At this point, modern air travel is so unpleasant, so inconveniencing, so downright annoying that talking about it almost seems pointless, like shouting into a jet engine. If there is one positive to be extracted from all of our collective airline agony, it’s that it forces us to reflect upon a time when air travel was not only enjoyable, but dare I say, sexy. Shows like Mad Men, and movies like Catch Me if You Can play into our rosy-eyed curiosity with mid-century air travel, portraying well-heeled passengers, sociable stewardesses, and those beautiful modernist concourses. Airports of today are drab reminders of just how far you are from home, but in the early decades of air travel these buildings were sleek, shiny shrines to the future. The terminals that serviced America’s larger cities at this time were designed to not only help carry passengers from point A to point B, but also to reflect the progressive spirit of commercial air travel, which had really only taken off (no pun intended) in 1958 with the advent of the Boeing 707. So buckle up, make sure your seat backs and tray tables are in their full upright position, and travel back in time with us to the golden age of the American airport.
Main Terminal at Washington Dulles International Airport, VA
Architect: Eero Saarinen
Fact: Saarinen proclaimed that the airport was “the best thing I have ever done.”
TWA Flight Center at John F. Kennedy International Airport, NY
Architect: Eero Saarinen
Fact: The once-bustling terminal has sat idle for over a decade.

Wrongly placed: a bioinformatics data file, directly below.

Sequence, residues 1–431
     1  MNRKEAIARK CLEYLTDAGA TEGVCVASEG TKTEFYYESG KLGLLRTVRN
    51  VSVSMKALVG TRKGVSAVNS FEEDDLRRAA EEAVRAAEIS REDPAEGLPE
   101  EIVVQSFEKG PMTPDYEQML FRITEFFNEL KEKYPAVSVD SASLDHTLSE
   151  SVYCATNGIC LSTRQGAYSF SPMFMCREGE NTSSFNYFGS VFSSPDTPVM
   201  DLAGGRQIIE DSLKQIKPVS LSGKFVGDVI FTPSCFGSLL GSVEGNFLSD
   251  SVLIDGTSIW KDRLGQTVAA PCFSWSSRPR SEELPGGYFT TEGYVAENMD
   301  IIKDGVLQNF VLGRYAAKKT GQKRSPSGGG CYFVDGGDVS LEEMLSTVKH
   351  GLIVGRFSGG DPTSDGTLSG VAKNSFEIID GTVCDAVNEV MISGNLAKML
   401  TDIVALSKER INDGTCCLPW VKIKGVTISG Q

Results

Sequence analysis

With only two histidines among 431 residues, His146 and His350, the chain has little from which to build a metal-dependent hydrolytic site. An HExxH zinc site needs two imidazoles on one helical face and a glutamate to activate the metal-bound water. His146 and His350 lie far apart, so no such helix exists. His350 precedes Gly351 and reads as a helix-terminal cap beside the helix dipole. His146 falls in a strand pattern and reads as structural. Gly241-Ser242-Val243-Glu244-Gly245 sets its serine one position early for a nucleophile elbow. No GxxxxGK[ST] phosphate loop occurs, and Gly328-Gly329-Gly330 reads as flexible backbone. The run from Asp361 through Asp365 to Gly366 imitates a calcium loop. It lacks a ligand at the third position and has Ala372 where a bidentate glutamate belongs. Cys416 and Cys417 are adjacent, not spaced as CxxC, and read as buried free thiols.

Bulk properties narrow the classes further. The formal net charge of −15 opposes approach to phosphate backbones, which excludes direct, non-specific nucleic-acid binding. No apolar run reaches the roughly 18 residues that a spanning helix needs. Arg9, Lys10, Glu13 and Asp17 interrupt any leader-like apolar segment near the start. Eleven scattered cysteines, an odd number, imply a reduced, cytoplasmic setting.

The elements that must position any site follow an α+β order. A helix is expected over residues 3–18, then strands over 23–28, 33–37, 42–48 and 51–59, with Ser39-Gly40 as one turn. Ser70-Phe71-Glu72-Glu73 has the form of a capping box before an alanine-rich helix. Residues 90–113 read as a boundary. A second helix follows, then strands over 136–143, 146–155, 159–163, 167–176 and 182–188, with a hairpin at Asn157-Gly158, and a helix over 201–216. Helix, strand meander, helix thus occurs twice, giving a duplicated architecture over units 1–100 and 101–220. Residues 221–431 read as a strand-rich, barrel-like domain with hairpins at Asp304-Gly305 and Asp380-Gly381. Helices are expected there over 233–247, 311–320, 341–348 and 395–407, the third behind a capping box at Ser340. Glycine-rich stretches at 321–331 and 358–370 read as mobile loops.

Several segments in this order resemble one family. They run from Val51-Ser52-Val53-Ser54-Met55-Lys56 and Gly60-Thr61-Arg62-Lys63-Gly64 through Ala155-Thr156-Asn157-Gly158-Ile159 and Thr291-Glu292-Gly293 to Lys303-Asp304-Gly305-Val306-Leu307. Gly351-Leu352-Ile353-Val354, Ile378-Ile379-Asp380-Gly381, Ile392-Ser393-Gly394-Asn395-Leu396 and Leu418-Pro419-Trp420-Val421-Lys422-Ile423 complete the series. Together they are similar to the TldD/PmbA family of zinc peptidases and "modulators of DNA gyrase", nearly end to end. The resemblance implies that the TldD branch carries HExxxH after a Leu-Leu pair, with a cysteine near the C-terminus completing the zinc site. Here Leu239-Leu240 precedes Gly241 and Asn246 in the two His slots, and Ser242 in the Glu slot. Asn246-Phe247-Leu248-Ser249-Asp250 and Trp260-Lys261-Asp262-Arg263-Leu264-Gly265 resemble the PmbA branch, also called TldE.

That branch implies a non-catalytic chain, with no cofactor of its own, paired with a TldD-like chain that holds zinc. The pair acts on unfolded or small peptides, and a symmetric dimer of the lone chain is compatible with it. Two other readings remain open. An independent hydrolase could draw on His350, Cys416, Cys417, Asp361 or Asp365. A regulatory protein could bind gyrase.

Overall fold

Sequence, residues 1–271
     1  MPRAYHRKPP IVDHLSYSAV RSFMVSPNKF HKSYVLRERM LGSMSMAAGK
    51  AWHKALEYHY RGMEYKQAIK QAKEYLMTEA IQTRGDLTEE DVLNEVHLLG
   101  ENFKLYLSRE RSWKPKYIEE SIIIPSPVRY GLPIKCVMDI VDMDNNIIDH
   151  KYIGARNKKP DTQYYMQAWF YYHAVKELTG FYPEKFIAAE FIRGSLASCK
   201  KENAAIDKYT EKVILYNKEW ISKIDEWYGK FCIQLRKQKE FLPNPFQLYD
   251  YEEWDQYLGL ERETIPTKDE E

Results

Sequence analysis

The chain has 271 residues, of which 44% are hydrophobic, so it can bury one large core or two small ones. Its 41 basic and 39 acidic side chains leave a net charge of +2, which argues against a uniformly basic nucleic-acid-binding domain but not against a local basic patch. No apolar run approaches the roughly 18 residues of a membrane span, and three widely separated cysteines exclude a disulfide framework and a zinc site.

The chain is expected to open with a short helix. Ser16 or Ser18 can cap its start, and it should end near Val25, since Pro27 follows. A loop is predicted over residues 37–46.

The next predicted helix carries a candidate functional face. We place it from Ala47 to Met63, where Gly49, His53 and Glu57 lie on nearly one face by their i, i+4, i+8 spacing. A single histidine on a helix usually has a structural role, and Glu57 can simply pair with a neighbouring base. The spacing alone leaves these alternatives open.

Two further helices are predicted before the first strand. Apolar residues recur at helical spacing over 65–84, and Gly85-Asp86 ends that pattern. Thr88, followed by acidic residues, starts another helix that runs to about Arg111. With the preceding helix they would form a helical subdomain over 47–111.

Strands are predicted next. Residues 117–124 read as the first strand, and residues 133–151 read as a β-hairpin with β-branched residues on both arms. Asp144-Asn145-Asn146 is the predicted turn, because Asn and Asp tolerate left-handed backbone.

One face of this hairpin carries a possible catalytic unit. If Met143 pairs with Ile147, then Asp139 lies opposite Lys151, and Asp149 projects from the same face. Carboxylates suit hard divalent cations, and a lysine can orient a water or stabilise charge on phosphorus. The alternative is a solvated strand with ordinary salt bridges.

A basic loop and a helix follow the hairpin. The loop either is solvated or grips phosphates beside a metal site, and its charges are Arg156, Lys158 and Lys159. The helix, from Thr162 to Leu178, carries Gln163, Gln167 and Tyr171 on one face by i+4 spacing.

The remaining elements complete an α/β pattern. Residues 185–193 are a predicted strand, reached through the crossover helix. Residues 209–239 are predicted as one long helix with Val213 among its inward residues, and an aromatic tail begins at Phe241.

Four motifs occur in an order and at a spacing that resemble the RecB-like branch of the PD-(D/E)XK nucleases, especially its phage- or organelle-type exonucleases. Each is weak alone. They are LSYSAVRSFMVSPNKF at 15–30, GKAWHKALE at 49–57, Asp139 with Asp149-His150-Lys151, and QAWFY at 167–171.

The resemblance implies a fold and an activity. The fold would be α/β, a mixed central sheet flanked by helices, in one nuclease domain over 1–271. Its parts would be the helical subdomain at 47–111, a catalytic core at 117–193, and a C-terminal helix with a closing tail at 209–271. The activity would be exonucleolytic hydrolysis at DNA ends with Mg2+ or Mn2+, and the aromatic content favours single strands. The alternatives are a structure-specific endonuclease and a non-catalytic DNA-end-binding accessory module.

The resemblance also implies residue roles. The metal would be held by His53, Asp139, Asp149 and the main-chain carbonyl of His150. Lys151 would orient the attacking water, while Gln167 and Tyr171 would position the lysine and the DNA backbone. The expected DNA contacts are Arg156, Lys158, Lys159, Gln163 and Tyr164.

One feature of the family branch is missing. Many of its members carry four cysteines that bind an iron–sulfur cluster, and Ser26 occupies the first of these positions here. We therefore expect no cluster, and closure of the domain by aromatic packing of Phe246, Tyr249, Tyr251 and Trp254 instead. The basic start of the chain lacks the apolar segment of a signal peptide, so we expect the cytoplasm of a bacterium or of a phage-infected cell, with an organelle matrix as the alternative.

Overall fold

The Marine Air Terminal at LaGuardia Airport, NY
Architect: William Delano
Style: Art Deco
Fact: The Marine Air Terminal remains the only “first generation” terminal still in use today.
The Theme Building at Los Angeles International, CA
Architect: Pereira & Luckman Architects
Fact: The top of the structure originally featured a rotating restaurant giving diners a 360 view of the airport.
The Field Terminal at McCarran Airport, NV
Architect: Welton Becket and Associates and John Replogle
Style: Mid-century Modern
Fact: Welton Becket also designed the Capitol Records Building, the Santa Monica Convention Center, and The Beverly Hilton Hotel.
Long Beach Airport, CA
Designed: Early 1940’s
Architect: Horace Austin and Kenneth Wing
Style: Streamline Moderne
Fact: This terminal is still in operation today and was made a cultural landmark in 1990
Pan Am Worldport at John F. Kennedy International Airport, NY
Designed: Late 1950’s
Architect: Ives, Turano & Gardner Associated Architects and Walther Prokosch of Tippets-Abbett-McCarthy-Stratton
Style: Futuristic Modernism
Fact: With Pan Am long since bankrupt, the Worldport was unfortunately demolished just last year.